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Online Bookseller Urged to Lose or Modify Slogan

Advertising: agreed to stop using the claim but has yet to remove it from the Web site.

July 14, 1999|From Associated Press

NEW YORK — Disputing's claim that "If we don't have your book nobody does," a division of the Council of Better Business Bureaus has called for the online superstore to discontinue or modify the slogan.

"If you were to interpret the slogan literally, it would discourage searches from other sources," Nicholas Vianna, advertising review specialist with the group's National Advertising Division, said Tuesday. "In the book industry, there are private books, local publishers, all kinds of books. Some of the independent sellers make their livelihood on that special niche market."

The American Booksellers Assn., which filed a complaint last December, compiled a list of 100 out-of-print titles and found 24 that were available only through competitors of They included such obscure works as "Cartels, Combines & Trusts in Post-War Germany" and "Studies in Machiavellianism."

"A lot of independent booksellers complained because that slogan just wasn't accurate," said Richard Howorth, president of the ABA, whose membership consists overwhelmingly of independent stores.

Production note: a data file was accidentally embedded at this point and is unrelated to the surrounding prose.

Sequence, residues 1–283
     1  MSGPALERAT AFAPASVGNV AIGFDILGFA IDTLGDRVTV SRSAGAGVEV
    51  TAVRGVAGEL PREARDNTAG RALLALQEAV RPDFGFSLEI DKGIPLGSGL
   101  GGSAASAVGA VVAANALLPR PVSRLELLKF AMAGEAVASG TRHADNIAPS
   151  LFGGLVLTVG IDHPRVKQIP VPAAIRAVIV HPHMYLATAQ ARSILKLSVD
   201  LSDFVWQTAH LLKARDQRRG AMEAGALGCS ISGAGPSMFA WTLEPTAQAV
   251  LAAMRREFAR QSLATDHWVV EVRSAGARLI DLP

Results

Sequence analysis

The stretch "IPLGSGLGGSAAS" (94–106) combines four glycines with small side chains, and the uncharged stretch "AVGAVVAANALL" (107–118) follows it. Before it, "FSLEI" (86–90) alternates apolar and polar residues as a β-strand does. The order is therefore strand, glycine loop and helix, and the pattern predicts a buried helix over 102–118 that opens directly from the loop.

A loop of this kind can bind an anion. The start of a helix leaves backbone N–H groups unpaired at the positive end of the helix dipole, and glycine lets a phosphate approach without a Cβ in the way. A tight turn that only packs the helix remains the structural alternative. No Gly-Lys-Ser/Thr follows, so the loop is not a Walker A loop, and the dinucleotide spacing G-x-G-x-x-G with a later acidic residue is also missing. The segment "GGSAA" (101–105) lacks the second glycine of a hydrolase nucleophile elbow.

Although agreed to comply with last week's decision, as of Tuesday the slogan still appeared on its Web site.

"We disagreed with the NAD's recommendation but chose to comply because we were moving away from that advertising slogan," said Mary Ellen Keating, a spokeswoman for Barnes & Noble Inc. "We agreed to remove or modify the slogan over the next several months."

Vianna had hoped for a quicker response.

"We would hope the changes would happen as soon as possible," Vianna said. "The agreement calls for compliance within a reasonable period of time. And several months seems too long, especially in the case of a Web site."

The National Advertising Division is a self-regulating body established by the advertising industry. Compliance with NAD decisions is voluntary but some cases end up referred to the Federal Trade Commission.

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